The voice of women in Nashville for 125 years
For one and a quarter century, YWCA has helped women, girls and families in Nashville build safer, more self-sufficient lives. We are constantly monitoring the challenges of social change, developing programs and services to meet the evolving needs of women and their families. Our Blue Triangle Branch was a leader in this area. Read more about that here.
We have met the challenges faced by women during each era in our history, and we will continue to adapt as new challenges arise.
To learn more about our history, read Women Helping Women: The YWCA of Nashville by Carole Stanford Bucy, available at the Metro Nashville Public Library.
YWCA’s president and CEO, Sharon K. Roberson, penned an editorial for the Tennessean newspaper highlighting the 125th anniversary serving our community. Click here to read the story or here to download a pdf of her piece.
1898: YWCA Nashville was founded in three rooms over the Gartner & Maden Millinery Shop, 227 North Summer St. (now 5th Ave.)
1909: The YWCA broke ground for a new building on Vine Street (7th Ave.) When the YWCA opened its new building, there were no integrated buildings in Nashville but the leadership of the YWCA was committed to extending programs to African American women.
1919: National YWCA funds a branch for African-American women in Nashville, known as the Blue Triangle Branch. Click here to read more about this important part of our history.
1921: Property at 5th and Gay was purchased for Blue Triangle Branch.
1930s: The Great Depression made the YWCA a haven for women and girls. The women of this city went to the YWCA for recreation, diversion, welfare, food, physical education and training.
1941: The Nashville YWCA mobilized to support the war through Red Cross drives, sewing, dances for soldiers and donating building space for defense work.
1962: The YWCA began to offer classes in Green Hills and Donelson.
1964: The Blue Triangle Branch and the Downtown YWCA became one interracial YWCA.
1974: YWCA’s Board agreed to provide emergency facilities for women referred by Rape and Crisis Center.
1976: Try Angle House opened for troubled teenage girls.
1978: The YWCA moved to Woodmont home, CABLE was established, and Career and Life Planning for Women and Girls was created. The Displaced Homemakers Program also began for women who were entering or re-entering the workforce.
1980: The YWCA opened the first domestic violence shelter in Nashville.
1985: A Capital Campaign of $2 million was completed for new facility at the Woodmont location.
1992: The Academy for Women of Achievement was established to honor inspiring women in the Nashville community.
1998: The YWCA celebrated 100 years of service to women, girls, and families in Middle Tennessee.
2000: The YWCA opened the Weaver Domestic Violence Center in Nashville, the largest emergency shelter of its kind in the state.
2008: The YWCA became the Nashville affiliate of Girls Inc. and has served more than 4,000 girls in Metro Nashville Public Schools since programming began.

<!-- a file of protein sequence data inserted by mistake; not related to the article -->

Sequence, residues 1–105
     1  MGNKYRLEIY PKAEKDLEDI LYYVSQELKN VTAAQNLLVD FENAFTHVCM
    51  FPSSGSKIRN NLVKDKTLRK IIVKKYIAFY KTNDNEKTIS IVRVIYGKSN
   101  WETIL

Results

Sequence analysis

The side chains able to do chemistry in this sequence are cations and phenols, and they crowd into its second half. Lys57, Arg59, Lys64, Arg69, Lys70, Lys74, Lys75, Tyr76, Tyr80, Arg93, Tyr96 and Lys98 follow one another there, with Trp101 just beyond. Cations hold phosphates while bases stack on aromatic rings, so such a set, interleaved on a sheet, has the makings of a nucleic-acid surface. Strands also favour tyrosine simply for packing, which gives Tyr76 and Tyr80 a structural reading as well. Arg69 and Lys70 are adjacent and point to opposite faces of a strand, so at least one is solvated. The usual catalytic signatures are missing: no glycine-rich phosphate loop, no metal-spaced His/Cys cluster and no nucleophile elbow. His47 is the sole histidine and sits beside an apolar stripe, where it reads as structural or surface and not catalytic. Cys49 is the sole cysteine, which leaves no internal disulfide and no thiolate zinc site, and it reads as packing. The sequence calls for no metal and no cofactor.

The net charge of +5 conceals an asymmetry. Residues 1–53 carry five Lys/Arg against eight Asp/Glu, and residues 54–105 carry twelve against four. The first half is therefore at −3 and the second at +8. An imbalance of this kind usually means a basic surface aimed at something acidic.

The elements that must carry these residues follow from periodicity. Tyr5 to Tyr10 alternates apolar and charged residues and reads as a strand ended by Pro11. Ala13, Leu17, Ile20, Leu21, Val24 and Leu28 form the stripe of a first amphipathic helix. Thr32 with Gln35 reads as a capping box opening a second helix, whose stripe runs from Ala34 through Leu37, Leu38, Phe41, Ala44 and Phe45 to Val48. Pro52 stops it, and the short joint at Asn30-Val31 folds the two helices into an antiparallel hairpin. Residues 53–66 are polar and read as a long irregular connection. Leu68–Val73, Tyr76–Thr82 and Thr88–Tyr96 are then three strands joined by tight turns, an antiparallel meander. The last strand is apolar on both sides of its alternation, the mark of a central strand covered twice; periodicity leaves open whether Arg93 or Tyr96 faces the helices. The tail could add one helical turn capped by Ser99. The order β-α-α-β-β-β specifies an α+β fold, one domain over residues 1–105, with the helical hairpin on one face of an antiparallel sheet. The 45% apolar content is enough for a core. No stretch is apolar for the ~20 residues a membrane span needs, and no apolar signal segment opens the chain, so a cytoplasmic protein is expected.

2010: Re-New at the YWCA was founded by local interior designer Julie Davis and her friend Cheryl Hays to completely furnish and decorate homes of women leaving the shelter and moving into the community.
2013: The YWCA became the Nashville affiliate for Dress for Success.
2014: The YWCA launched an innovative primary prevention initiative dedicated to ending violence against women and girls by engaging and educating men and boys. The AMEND Together program (formerly called MEND) seeks to challenge, cultivate, and change the culture that perpetuates violence against women.
2016: The Lethality Assessment Protocol (LAP) was implemented in Nashville through the Mayor’s Office of Family Safety, Metro Nashville Police Department, and YWCA. Created by the Maryland Network Against Domestic Violence in 2005, LAP is an innovative strategy to prevent domestic violence homicides and serious injuries by providing an easy and effective method for police and advocates to identify victims of domestic violence who are at the highest risk.
2017: Shear Haven, a domestic violence education training for the beauty industry, was co-founded by YWCA and volunteer, survivor, and salon owner/stylist Susanne Post. Post and YWCA’s Advocacy Committee worked to educate Tennessee lawmakers about the need for this training in the beauty industry. Thanks to our efforts, a new state law was passed and signed by Governor Bill Lee in the spring of 2021. The mandatory training law took effect on Jan. 1, 2022. Read more here.
2018: Weaver Domestic Violence Center expanded to 65-bed facility.
2020: 24-Hour Crisis & Support Helpline added texting service to enable more victims to reach out for help. Weaver Center turns 20.
2021: Abbie’s Safe Home opens on the Weaver Center Campus. This state-of-the-art pet shelter is the largest in Tennessee and allows all members of the family to escape domestic violence and heal. Read more about this initiative here.